Swipe left on this one: It’s no keeper.

BABBIT & JOAN,

A RABBIT AND A PHONE

Can Babbit the rabbit cope with giving his phone, Joan, a break?

Anthropomorphic animals and animate cellphones populate this picture book, which opens with the protagonist, Babbit, observing a strike led by overworked phones. He realizes that his own phone, Joan, “was exhausted! She’d been taking pictures and sending texts for Babbit all day, every day.” Babbit decides to give Joan a break and goes about the day without her while she stays home and rests. His meanderings are filled with discovery since, without Joan there to capture his attention, he observes many things in the natural world that he’d never noticed before. Then he encounters a bird and a bear who are also without their phones (one’s battery ran out, and the other’s was lost). The trio enjoy one another’s company and work together to find their way back to the town without the aid (or interference) of their phones; clearly, they’re all better off because of the break from technology. At book’s end Babbit returns to a rested, happy Joan, and they commit to more alone time for each in the future. The cartoon-style illustrations depict animal characters with egg-shaped torsos and rubbery limbs wandering about a gently Technicolor world. They imply a far younger audience than seems appropriate for the message.

Swipe left on this one: It’s no keeper. (Picture book. 4-7)

Pub Date: April 14, 2020

ISBN: 978-1-94-788820-3

Page Count: 40

Publisher: Flyaway Books

Review Posted Online: Dec. 8, 2019

Kirkus Reviews Issue: Jan. 1, 2020

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Hee haw.

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THE WONKY DONKEY

The print version of a knee-slapping cumulative ditty.

In the song, Smith meets a donkey on the road. It is three-legged, and so a “wonky donkey” that, on further examination, has but one eye and so is a “winky wonky donkey” with a taste for country music and therefore a “honky-tonky winky wonky donkey,” and so on to a final characterization as a “spunky hanky-panky cranky stinky-dinky lanky honky-tonky winky wonky donkey.” A free musical recording (of this version, anyway—the author’s website hints at an adults-only version of the song) is available from the publisher and elsewhere online. Even though the book has no included soundtrack, the sly, high-spirited, eye patch–sporting donkey that grins, winks, farts, and clumps its way through the song on a prosthetic metal hoof in Cowley’s informal watercolors supplies comical visual flourishes for the silly wordplay. Look for ready guffaws from young audiences, whether read or sung, though those attuned to disability stereotypes may find themselves wincing instead or as well.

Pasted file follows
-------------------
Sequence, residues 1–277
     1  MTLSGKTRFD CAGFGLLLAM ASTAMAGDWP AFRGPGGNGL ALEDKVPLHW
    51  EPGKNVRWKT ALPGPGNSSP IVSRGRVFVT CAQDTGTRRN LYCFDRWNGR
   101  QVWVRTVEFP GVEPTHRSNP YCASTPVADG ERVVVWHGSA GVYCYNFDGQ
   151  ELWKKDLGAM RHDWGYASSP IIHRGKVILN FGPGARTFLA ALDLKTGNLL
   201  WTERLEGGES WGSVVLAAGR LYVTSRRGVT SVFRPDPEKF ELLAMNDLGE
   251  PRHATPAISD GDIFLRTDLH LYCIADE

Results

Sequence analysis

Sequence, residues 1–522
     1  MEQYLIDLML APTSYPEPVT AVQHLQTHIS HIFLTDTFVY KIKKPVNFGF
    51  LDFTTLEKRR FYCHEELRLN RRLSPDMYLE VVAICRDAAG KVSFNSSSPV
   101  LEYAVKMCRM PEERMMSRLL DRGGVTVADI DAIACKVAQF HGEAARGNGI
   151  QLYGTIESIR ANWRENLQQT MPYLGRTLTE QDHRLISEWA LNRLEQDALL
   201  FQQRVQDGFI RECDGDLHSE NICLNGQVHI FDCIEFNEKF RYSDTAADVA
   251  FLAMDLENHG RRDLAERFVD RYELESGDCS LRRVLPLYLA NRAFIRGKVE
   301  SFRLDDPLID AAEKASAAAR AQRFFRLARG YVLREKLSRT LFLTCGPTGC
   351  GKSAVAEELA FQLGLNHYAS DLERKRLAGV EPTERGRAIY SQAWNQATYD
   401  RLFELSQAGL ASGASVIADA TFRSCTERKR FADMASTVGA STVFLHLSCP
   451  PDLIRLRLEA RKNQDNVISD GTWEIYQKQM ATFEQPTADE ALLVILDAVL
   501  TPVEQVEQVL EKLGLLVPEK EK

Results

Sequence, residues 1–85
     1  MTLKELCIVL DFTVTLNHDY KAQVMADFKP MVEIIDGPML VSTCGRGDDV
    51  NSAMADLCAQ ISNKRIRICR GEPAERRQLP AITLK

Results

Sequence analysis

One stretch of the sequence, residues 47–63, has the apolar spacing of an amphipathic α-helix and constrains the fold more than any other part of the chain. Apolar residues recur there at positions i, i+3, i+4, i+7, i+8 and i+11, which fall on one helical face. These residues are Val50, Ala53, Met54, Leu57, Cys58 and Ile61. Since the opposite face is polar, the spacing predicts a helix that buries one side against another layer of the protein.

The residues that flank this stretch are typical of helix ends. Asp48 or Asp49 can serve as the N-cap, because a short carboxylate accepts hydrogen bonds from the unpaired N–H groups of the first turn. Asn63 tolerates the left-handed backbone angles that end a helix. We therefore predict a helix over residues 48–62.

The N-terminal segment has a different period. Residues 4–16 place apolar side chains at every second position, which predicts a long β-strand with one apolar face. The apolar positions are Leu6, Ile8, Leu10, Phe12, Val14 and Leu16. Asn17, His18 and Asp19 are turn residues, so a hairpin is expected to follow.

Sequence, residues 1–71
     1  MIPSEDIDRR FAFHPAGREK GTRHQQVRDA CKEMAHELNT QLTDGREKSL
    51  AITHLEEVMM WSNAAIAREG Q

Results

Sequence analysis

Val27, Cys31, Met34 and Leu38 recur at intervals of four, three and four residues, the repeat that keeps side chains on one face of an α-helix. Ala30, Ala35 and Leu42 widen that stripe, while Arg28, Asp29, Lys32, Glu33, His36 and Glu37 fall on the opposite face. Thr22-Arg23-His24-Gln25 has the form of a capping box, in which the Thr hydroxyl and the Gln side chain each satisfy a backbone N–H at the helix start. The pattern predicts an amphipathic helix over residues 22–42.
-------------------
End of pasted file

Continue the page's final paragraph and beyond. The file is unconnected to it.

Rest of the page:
Hee haw. (Picture book. 5-7)

Pub Date: May 1, 2010

ISBN: 978-0-545-26124-1

Page Count: 26

Publisher: Scholastic

Review Posted Online: Dec. 29, 2018

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There’s nothing especially new here, but the good-natured celebration of books, reading, and libraries will charm fellow...

THE BOOK HOG

A porcine hoarder of books learns to read—and to share.

The Book Hog’s obsession is clear from the start. Short declarative sentences describe his enthusiasm (“The Book Hog loved books”), catalog the things he likes about the printed page, and eventually reveal his embarrassing secret (“He didn’t know how to read”). While the text is straightforward, plenty of amusing visual details will entertain young listeners. A picture of the Book Hog thumbing through a book while seated on the toilet should induce some giggles. The allusive name of a local bookshop (“Wilbur’s”) as well as the covers of a variety of familiar and much-loved books (including some of the author’s own) offer plenty to pore over. And the fact that the titles become legible only after our hero learns to read is a particularly nice touch. A combination of vignettes, single-page illustrations and double-page spreads that feature Pizzoli’s characteristic style—heavy black outlines, a limited palette of mostly salmon and mint green, and simple shapes—move the plot along briskly. Librarians will appreciate the positive portrayal of Miss Olive, an elephant who welcomes the Book Hog warmly to storytime, though it’s unlikely most will be able to match her superlative level of service.

There’s nothing especially new here, but the good-natured celebration of books, reading, and libraries will charm fellow bibliophiles, and the author’s fans will enjoy making another anthropomorphic animal friend. (Picture book. 4-7)

Pub Date: March 26, 2019

ISBN: 978-1-368-03689-4

Page Count: 48

Publisher: Disney-Hyperion

Review Posted Online: Nov. 12, 2018

Kirkus Reviews Issue: Dec. 1, 2018

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